Whilst the Greek Authorities in power leading up to the crash of 2008 and the Bank Bail Outs of 2010 were greatly at fault this cannot mask the failure of the ECB and the EU in managing the “Tsunami” of German/French Euro capital flows into the PIIGS Countries causing massive inflation both in property and everything else. The ECB has imposed an “odious debt” on Greece and other PIIGS Countries and this must be written down to a sustainable and justifiable level. Germany itself was the largest defaulter and also recipient of Foreign Aid/debt write downs in the 20th century …how quickly eaten bread is forgotten. Yes Greece must rope in ALL Greeks to pay taxes on a fair and equitable basis but the Eurozone and EU is looking more and more like a one way “STRASSE” and “Straight-jacket” . Germany forgets that much of the money lent was spent on German goods creating employment and wealth.Almost 5 million Germans visit Greece every year. They ( The Germans) knew damn well what they were getting into when they agreed for Greece to enter the EU and Eurozone.

    1. Jay says:

      Spot on. Germany’s failure to see its their own agency in the creation of the crisis itself and the deepening of austerity for the hardest hit countries is mind boggling but sadly predictable.

  27. steve bird says:

    Syriza are spinning plates at the moment. They’re playing away against an osteoporositic dinosaur that manufactured the cards on the table. They carry the burden of a legacy from the previous oligarchic series of corrupt, dishonest governments. They stand on the brink of an imminent Greek economic meltdown. All of this bullshit about u-turns is coming from people who have been sucked into a system that promises instant gratification. What do they expect? The Good Fairy with her twinkling wand? What Syriza achieved, very cleverly, is a sea-anchor to weather out this current squall. From here the building can start. These guys could herald a renaissance in conscientious politics, given the leave by Those Who Are Impatient.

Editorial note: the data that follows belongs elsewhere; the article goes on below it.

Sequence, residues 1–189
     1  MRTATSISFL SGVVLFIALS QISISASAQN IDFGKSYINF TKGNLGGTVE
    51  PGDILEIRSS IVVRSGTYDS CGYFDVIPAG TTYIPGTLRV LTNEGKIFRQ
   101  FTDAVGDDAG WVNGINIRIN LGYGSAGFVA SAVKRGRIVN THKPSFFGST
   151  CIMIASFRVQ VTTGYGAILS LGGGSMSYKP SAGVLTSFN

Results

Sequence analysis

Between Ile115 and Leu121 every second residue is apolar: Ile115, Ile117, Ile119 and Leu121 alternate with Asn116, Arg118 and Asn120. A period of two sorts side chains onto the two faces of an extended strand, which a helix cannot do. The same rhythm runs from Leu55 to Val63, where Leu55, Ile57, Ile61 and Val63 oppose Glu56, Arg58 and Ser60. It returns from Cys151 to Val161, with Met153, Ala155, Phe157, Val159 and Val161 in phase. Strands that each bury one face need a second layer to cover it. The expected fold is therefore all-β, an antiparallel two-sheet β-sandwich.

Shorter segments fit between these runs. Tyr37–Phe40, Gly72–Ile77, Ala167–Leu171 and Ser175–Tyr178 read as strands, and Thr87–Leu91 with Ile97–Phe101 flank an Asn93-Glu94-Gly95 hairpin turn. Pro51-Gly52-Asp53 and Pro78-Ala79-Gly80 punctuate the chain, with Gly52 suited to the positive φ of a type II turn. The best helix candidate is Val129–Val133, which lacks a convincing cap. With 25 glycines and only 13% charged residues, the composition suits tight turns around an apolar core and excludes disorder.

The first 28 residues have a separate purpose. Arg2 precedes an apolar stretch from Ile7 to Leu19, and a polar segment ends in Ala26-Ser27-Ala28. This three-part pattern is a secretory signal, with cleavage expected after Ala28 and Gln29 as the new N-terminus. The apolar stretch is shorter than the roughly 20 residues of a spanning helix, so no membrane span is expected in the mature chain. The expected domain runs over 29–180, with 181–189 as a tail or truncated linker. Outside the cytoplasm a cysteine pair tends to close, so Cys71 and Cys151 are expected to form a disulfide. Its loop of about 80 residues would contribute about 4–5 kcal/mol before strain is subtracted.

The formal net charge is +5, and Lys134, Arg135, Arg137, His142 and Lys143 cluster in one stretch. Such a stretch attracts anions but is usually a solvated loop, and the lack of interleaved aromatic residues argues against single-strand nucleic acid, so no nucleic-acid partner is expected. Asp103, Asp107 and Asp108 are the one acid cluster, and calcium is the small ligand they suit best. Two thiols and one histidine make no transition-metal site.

28. James says:

    Mr Mason suggests that Greece will leave the Euro which is completely absurd, as to do so would plunge Europe and a lot of the World into a recession deeper than the last. If Greece did leave the Euro then the currency would devalue massively, withdrawals through the Euro zone would be massive. This would then bankrupt Europe (yes, including Germany) and us with it. Would the Germans let this happen? No. Would the Greeks? No. So any real suggest of Greece leaving the Euro is absurd.

    1. Harry Tsopanos says:

      That’s why we should leave asap,Eu was created by Nazis after ww2 in order to control Europe later on,we have no reason to stay there,see how E.u supports a nazi goverment in Ukraine.

  29. Badger says:

    There are a few points in Paul’s defence. (For Silva)

    1) This project has been rushed. Particularly EMU. They all fudged the criteria to let all these states in rather than putting in place a process of necessary convergence of economies. More importantly, the INDEPENDENT auditing of convergence and continued compliance when in the EMU.

    2) The act of EMU means the euro will find a gravitational level in response to the size and strength of the member states. This means Germany permanently gets a cheaper euro that an equivalent DM. and weaker states economically have to suffer a stronger currency.

    The effect is that growth is promoted in the states with a weaker currency and stilted in the weaker states causing an economic divergence. As the stronger states get bigger faster than the smaller weaker states the disparity continues to grow.

    3) Politics

    Any weaker state will sign up because you get a short term sugar fix. Immediately you have low interest rates and much lower borrowing rates. This is very easy to sell to an electorate and therefore gives the ruling government a boost in popularity which will get them elected.

    However, the reforms required need to be large scale and unpopular so they don’t bother with those as you can’t get a turkey to vote for Christmas.


    Leave the above porridge to fester slowly and draw a veil over short term tensions with politics (continually kicking the can down the road) and wait for a crisis of severe depression to find all the flaws.

    Economic disparities widen further and the electorate start to see the euro stars fall away from their eyes and the necessary discipline has to be implemented otherwise it all falls apart.

    The austerity to save the euro means that many people will have to live in poverty or near poverty for pretty much all their lives, not something many will sign up for.

    The result is desperation, a move to far left/right politics and the emotive politics of injustice and all political good will is lost.

    German are good at doing their maths and should have seen that the lax rules in the EU and more especially the EMU firmly sewed the seeds of the plants we are seeing now.

    Germany knew it would benefit massively from a depressed currency and in effect the richer countries (with depressed real currency) are benefiting from the weaker nations (with artificially strong currency) in inverse proportion to their ability to pay.

    Germany, as the architect and general overseer of this project has a lot to answer for.